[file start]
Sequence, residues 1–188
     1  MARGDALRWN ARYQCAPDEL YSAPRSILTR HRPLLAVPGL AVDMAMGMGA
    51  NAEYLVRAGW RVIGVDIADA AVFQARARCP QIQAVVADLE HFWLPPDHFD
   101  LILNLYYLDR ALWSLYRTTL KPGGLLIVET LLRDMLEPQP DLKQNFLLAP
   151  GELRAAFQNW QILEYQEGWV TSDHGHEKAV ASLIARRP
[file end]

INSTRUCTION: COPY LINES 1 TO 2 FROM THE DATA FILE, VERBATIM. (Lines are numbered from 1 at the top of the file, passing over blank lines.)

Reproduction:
Sequence, residues 1–188
     1  MARGDALRWN ARYQCAPDEL YSAPRSILTR HRPLLAVPGL AVDMAMGMGA